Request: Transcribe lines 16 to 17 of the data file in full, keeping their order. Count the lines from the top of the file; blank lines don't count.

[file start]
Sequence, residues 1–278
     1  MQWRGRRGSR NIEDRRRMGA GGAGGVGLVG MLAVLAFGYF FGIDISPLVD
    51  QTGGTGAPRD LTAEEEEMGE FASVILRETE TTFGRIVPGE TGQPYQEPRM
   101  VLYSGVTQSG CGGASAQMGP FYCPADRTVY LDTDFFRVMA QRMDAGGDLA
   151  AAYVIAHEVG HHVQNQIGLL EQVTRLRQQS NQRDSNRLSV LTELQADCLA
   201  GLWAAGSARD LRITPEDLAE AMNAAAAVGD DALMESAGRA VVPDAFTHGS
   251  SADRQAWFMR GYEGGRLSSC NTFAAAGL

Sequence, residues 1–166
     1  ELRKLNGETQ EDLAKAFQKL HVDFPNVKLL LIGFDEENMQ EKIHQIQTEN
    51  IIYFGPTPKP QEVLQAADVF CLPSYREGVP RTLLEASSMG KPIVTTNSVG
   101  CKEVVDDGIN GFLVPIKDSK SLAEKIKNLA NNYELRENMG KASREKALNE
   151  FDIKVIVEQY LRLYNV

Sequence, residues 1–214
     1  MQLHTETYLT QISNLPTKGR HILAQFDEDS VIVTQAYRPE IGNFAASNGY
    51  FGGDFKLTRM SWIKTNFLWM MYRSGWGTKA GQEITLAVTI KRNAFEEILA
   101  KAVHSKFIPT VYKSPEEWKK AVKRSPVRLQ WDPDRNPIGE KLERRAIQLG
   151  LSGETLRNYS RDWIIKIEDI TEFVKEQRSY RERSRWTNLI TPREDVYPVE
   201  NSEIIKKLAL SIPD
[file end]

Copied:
   101  KAVHSKFIPT VYKSPEEWKK AVKRSPVRLQ WDPDRNPIGE KLERRAIQLG
   151  LSGETLRNYS RDWIIKIEDI TEFVKEQRSY RERSRWTNLI TPREDVYPVE